• 7.Time concepts

    Time blindness

    Time passing

    Remembering to do the diary

    Allocating time

    Moving on

    The Dyscovery Centre copyright 2011 Amanda Kirby

  • EF has developmental stagesBuilding Blocks

    (Diamond et al,2007)

    Inhibitory control

    Selective attention

    Working Memory

    Planning

    Age years

    The Dyscovery Centre copyright 2011 Amanda Kirby

  • EF is a core element of all Specific Learning Difficulties

    ADHD all ADHD children have EF impairment to varying degrees (Barkley 2001)

    ASD Pennington and Ozonoff (1996) found children performed 1 SD below control group on EF tasks

    DCD children impaired on tests of working memory (Alloway & Temple, 2007)

    Dyslexia studies have found WM deficits that compound their phonological problems (Wolf 2010)

    The Dyscovery Centre copyright 2011 Amanda Kirby

  • Executive Functioning/Study Skills in students in higher education

    Data capture for the 6 EF domains (planning, organisation, impulse control, working memory, metacognition and time management)Additional 20-item list captured the use of tools - if any to guide

    students to be more organised (e.g. Using a diary, software etc..)

    Analysis:Descriptive statistics to describe student sampleChi squared cross-tabulation / analysis of variance to compare

    diagnosis groups

  • Executive Functioning skills deficits in students

    in higher education

    Participants:

    353 students completed the survey

  • The Dyscovery Centre copyright 2011 Amanda Kirby

    Frequency% (n)

    Male% (n)

    Female% (n)

    Mean Age(sd)

    DCD 6.1 (20) 35.0 (7) 65.0 (13) 23.90 (5.59)

    Dyslexia 16.8 (55) 52.7 (29) 47.3 (26) 24.85 (8.83)

    DCD and Dyslexia 4.0 (13) 38.5 (5) 61.5 (8) 25.77 (9.63)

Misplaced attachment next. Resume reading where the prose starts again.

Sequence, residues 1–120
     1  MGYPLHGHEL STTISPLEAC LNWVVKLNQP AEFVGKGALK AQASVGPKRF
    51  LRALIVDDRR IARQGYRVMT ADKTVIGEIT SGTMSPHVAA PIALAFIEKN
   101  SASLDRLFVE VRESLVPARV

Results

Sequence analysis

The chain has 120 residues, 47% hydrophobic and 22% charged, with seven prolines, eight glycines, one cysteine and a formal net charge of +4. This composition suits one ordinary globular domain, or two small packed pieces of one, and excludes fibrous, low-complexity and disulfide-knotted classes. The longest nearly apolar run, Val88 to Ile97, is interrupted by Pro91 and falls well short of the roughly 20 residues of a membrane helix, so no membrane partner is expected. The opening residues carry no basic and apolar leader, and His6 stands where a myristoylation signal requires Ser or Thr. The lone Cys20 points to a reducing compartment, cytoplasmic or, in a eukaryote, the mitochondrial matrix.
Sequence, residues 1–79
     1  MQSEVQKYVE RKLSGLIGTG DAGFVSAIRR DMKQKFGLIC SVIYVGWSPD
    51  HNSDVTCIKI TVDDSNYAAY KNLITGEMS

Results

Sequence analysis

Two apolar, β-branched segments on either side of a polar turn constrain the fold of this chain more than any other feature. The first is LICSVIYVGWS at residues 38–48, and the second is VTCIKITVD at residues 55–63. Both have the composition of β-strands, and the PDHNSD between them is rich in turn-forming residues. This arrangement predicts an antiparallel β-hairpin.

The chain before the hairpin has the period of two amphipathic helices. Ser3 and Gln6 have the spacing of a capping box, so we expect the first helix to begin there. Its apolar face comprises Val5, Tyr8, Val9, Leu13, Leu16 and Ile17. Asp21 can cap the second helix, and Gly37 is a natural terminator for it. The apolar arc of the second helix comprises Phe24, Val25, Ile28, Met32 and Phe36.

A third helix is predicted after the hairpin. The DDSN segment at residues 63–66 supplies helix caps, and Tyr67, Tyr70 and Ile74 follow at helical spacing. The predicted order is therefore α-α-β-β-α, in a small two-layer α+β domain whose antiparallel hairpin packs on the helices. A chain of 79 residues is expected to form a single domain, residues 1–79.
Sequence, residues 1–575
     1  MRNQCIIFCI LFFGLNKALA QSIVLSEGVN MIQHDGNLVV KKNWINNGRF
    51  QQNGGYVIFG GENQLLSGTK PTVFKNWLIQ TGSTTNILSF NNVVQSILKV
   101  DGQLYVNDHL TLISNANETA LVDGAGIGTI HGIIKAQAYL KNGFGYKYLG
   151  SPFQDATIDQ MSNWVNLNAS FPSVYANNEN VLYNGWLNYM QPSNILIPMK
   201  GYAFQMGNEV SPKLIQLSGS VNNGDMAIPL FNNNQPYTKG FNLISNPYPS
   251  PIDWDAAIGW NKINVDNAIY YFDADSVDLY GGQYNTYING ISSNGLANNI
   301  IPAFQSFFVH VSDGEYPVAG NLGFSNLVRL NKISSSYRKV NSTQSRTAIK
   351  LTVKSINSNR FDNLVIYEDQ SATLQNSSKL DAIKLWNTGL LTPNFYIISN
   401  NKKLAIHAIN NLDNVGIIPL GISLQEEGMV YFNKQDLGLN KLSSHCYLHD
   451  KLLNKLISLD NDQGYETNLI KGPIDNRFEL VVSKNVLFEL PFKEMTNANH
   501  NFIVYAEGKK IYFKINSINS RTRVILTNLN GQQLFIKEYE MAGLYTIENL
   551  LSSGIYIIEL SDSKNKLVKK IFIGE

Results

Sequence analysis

No formal diagnosis but difficulties

    56.4 (185) 59.0 (108) 41.0 (75) 26.86 (9.68)

    No formal diagnosis 16.8 (55) 21.8 (12) 78.2 (43) * 27.17 (8.55)

    Significantly more females with difficulties but no diagnosis

  • 010

    20

    30

    40

    50

    60

    70

    80

    Planning Organisation Impulse Control Working Memory Metacognition Time Management

    %

    DCD

    DCD/Dys

    Dyslexia

    No diag/diff

    No diagnosis

  • Results Using study tools

    Significant differences between TD and SpLD groups ( P= < 0.01)

    The Dyscovery Centre copyright 2011 Amanda Kirby

    0

    10

    20

    30

    40

    50

    60

    70

    80

    90

    never have study partner Never use End Note/Ref manager Don't use past papers for revision

    SPLD %

    TD %

  • What are specific learning difficulties?

  • Dyslexia is a literacy and language difficulty. It is a life long condition and affects approximately 10% of the population. Individuals with Dyslexia have difficulties with reading and spelling and may also have difficulties with organisation and planning.

    Dyslexia

  • Literacy and language difficulties associated with Dyslexia may affect reading, note taking in meetings, writing and structuring documents, remembering instructions, copying notes, learning new vocabulary, remembering instructions, spelling and reading speed.

    Symptoms and signs

  • Autism Spectrum Disorder (ASD) is a spectrum of lifelong developmental disabilities that affects how a person communicates with, and relates to, other people. ASD includes Autism, AspergerSyndrome and Pervasive Developmental Disorder Not Otherwise Specified.

    ASD affects around 1 in 100 people. The spectrum element of the disorder means that while all people with ASDs share certain difficulties, their condition will affect them in different ways and to varying degrees. The three main areas of difficulty for all people on the Autistic Spectrum include difficulties with social interaction, social communication and social imagination.

    ASD

  • May appear very able but face difficulties in getting to appointments on their own

    Difficulty coping with a change to routine and performing well in interviews.

    Take things literally

    Not recognise others emotions, unless very obvious

    sensory sensitivity or under-sensitivity, for example to sounds, touch, tastes, smells, light or colour.

    Symptoms and signs

  • SLIs affect an individuals ability to learn and use language. The condition affects receptive and expressive language.

    Specific Language Impairment

  • Individuals with SLIs may have difficulties remembering sequences of instructions, taking down telephone numbers or instructions.

    They may appear anxious or angry if they do not understand what is being asked of them.

    They may be withdrawn and find it difficult takin